Originally a (Greek) word meaning "a ground," "a plea," "an opinion," "an expectation," "word," "speech," '"account," [and] "reason"...it became a technical term in philosophy, beginning with Heraclitus (535-475 BCE), who used the term for a principle of order and knowledge.
Greek spelling from Wikipedia
In English, logos is the root of the "-logy" suffix (e.g., geology).Interestingly, we now use the term "logo" to relate visual or graphic representations of a product, enterprise, organization or slogan -as a means of promoting instant public recognition. Logo is also a multi-paradigm computer programming language designed as a tool for learning. It is used to develop simulations and to create multimedia presentations.
From what I could find, both modern-day usages of the word incorpororate its earlier meanings - grounding words or images in a certain meaning or using it to create expectations.
ARISTOTLE'S "LOGOS" AND ART OF RHETORIC: A GUIDELINE FOR CONSTRUCTING AND ANALYZING MEANINGFUL MESSAGES:
Aristotle (in his study of rhetoric) believed that a convincing argument must contain three basic elements: Ethos (incorporating/addressing credibility or 'ethical appeal'), Logos (logic - persuading through the use of reason) and Pathos (appealing on a personal/emotional level). What makes the study of Aristotle so interesting (at least to me) is that these techniques are still vital for communication today and are routinely incorporated in speeches, printed materials and advertisements. They are therefore essential for public speaking, advertising, class/work projects, even persuading spouses or kids. Basically these three components are vital when constructing any verbal or visual message.
In this post I want to focus on logos (future posts will address ethos and pathos). Logos or the logical appeal consists of clearly relating a message and using meaningful examples (facts, data, research, deductive and/or inductive reasoning). The supporting evidence, however, must be information/data your audience can relate to.
Here is a Youtube video showing the use of ethos, logos and pathos in advertising. What is so important for parents and teachers today, is teaching our kids how to 'read' and recognize the persuasive tools (and their use of color, image and text) used in the ads they see and rhetoric they hear all the time that constantly try to persuade them.
For further study, you may want to visit the following sites:
'LOGOS' AND VISUAL LITERACY: BETTER UNDERSTANDING THE MESSAGES BEHIND CORPORATE, POLITICAL AND SOCIAL LOGOS:
Understanding the art of rhetoric and persuasion is important for public speaking as well as for trying to convince a child, parent, friend or spouse to do something. Conversely it is also important for us as consumers to understand that advertisements' images and text are trying to persuade us to do something and are by their very nature biased. This is where visual literacy comes in. As our brains process visual images much faster and much more efficiently than text, we need to understand how and why particular images were chosen to persuade us.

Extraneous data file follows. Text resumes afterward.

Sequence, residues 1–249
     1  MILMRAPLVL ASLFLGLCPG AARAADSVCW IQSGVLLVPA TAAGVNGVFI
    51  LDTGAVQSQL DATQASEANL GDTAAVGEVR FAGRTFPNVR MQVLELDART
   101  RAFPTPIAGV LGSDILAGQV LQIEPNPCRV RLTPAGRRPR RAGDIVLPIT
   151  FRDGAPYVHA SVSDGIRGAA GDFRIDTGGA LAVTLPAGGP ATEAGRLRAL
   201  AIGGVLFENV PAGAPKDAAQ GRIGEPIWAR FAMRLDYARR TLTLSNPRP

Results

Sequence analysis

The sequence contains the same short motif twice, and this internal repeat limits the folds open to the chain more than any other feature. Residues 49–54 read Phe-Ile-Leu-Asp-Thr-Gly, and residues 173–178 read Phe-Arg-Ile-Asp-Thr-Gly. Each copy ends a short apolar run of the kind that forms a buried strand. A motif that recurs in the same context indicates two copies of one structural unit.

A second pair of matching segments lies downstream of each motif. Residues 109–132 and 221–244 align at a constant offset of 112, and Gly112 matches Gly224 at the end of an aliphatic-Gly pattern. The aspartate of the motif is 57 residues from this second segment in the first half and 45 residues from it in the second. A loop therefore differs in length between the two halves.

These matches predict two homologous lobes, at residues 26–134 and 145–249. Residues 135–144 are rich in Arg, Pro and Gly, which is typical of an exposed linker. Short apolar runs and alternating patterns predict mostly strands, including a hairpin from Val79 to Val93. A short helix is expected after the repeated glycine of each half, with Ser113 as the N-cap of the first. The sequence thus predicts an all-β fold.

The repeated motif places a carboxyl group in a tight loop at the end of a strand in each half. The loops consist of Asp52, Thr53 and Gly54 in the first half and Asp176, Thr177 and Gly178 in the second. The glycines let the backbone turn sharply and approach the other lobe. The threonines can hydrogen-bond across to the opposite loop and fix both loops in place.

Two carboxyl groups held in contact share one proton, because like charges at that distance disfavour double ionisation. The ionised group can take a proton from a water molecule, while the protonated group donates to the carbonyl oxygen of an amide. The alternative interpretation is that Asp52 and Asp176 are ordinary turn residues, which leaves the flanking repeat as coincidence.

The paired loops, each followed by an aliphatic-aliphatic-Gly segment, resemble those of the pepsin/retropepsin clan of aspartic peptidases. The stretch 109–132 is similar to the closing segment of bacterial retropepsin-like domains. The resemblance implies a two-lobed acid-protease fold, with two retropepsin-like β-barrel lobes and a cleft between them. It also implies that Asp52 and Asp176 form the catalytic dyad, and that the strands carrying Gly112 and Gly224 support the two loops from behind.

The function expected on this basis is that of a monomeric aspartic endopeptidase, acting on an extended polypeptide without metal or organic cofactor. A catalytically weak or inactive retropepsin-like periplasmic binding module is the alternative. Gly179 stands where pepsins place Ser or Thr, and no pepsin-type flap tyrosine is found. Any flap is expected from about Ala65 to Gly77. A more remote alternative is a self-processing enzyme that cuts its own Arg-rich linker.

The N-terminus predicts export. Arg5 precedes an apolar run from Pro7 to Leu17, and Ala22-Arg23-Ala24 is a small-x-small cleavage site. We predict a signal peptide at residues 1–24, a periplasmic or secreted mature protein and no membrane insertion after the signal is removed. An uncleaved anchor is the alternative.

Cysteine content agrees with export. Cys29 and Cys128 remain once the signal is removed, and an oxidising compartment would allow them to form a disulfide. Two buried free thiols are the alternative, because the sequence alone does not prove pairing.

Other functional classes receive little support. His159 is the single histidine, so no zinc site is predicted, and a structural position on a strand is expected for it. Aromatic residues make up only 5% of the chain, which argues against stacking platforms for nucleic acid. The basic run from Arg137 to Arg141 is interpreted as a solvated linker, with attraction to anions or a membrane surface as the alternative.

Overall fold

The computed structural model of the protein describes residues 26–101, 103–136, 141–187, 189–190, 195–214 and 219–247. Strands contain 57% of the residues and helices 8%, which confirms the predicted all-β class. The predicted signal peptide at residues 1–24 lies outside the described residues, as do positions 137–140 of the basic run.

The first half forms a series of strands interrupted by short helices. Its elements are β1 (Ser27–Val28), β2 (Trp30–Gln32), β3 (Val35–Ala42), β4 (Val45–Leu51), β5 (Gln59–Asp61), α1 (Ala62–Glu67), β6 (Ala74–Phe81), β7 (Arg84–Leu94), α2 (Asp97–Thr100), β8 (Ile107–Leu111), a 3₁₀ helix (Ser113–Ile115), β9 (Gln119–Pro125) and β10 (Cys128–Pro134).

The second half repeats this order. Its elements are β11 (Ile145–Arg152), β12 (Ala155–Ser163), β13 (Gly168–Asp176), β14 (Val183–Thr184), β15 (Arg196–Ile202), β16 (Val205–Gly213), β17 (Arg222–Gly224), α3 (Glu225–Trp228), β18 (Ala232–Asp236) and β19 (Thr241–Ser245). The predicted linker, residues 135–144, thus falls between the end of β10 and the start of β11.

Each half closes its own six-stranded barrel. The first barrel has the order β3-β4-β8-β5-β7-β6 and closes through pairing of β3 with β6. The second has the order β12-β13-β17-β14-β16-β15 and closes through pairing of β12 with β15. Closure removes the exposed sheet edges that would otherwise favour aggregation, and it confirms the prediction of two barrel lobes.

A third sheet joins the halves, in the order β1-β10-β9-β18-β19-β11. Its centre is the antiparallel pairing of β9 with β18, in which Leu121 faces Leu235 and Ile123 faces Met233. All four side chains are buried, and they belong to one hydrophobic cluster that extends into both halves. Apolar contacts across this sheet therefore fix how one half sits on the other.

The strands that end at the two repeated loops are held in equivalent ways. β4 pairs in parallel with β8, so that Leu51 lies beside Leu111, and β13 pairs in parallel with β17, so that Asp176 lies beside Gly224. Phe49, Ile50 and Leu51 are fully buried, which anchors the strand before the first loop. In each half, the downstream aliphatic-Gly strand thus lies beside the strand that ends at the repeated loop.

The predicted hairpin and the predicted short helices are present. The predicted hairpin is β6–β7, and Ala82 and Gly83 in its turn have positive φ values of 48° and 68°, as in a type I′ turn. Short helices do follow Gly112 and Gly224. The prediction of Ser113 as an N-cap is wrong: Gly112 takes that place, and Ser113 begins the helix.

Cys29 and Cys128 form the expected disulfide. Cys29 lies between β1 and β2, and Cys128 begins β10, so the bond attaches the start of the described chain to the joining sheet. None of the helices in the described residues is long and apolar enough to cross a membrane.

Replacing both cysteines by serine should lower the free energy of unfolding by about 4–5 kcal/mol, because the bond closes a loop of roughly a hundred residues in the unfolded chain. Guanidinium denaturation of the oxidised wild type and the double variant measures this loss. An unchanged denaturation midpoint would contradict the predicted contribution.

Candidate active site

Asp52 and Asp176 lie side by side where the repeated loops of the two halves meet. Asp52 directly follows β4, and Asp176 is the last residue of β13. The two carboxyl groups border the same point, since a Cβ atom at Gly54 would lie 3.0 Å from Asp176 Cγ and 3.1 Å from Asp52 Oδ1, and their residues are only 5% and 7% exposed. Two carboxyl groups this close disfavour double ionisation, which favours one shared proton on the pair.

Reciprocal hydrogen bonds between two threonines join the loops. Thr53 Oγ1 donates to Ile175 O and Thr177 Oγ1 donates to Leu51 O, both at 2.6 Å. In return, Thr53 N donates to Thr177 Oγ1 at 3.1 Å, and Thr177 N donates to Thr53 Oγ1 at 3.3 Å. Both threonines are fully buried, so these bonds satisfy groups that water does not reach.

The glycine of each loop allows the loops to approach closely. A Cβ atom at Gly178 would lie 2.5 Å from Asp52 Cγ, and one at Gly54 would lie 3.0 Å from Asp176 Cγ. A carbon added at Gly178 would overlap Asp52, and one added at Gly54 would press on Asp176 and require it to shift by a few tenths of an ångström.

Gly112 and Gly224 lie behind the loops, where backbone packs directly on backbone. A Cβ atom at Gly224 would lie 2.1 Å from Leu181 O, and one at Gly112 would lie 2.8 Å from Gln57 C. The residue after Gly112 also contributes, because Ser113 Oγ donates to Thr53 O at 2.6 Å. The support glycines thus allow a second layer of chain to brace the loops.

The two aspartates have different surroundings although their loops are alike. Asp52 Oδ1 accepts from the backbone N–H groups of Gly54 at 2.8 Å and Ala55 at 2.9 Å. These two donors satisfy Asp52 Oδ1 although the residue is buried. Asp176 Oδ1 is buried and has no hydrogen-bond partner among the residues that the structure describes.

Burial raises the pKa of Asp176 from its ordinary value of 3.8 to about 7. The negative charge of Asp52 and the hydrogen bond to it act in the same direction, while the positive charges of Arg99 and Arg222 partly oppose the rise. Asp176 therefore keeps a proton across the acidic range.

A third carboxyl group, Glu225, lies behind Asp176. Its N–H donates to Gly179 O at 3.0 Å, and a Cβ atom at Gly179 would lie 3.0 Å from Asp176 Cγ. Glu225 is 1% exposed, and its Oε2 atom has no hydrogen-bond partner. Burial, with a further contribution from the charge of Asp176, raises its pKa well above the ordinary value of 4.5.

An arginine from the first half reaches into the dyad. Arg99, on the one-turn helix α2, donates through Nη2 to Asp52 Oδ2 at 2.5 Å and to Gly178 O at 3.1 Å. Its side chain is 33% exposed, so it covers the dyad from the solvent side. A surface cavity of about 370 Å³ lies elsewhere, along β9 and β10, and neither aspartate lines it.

A LOT of effort has gone into creating effective company logos. By creating a visual image that relays a particular and distinct message, successful logos clearly relate how a picture is worth a thousand words. Below are only a few examples of the power of successful logos.
In a recent post on color I noted how red has been found to increase heartrate and metabolism and is associated with the feeling of passion and of hunger, while blue is a calming color decreasing heartrate and metabolism, and green is used to relay 'nature' and natural elements. For more, please see http://departingthetext.blogspot.com/2013/01/color-casts-powerful-messages-learn-how.html
Thinking about color...
Have you noticed that most fast food signs and logos contain red?
Note that Quiznos also contains green which symbolizes nature or earth and wants to convince you of their 'natural' 'healthy' ingredients. Note also how each of these fast food logos contain red - a color proven to raise metabolism and make you hungry while ingraining a particular image of their product - be it their initials, a warm inviting face, or 'protective' structure.
How about Amazon.com's logo: They're 'good as gold,' they will always leave you with a 'smile,' and you can find all types of products from 'a' to 'z'.
Want more? Have some fun with logos:
LOGOS QUIZ is a popular game for iphone, androids and ipads (and computer adaptations, some of which I have included below) where you have to correctly identify the logos which are presented at different levels of difficulty.. How good are you at identifying these logos... and is that a good thing :-) ?
In closing, look around, I am sure you can come up with your own awesome examples of effective logos and how they incorporate image, ethos, logos and pathos to convey a particular message. Please leave your own opinions or favorite effective adds in the comments.
Thanks for your visit, and don't forget to leave your ideas, opinions, suggestions and favorite logos in the comments.